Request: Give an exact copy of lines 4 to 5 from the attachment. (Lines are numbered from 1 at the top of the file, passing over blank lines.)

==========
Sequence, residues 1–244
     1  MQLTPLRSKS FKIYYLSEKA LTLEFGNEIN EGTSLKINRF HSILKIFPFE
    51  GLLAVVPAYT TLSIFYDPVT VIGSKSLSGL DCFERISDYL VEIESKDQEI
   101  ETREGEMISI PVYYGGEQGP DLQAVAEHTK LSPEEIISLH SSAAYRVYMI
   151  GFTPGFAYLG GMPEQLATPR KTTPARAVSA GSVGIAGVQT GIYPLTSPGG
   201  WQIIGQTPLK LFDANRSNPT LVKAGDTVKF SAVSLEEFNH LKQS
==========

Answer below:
   101  ETREGEMISI PVYYGGEQGP DLQAVAEHTK LSPEEIISLH SSAAYRVYMI
   151  GFTPGFAYLG GMPEQLATPR KTTPARAVSA GSVGIAGVQT GIYPLTSPGG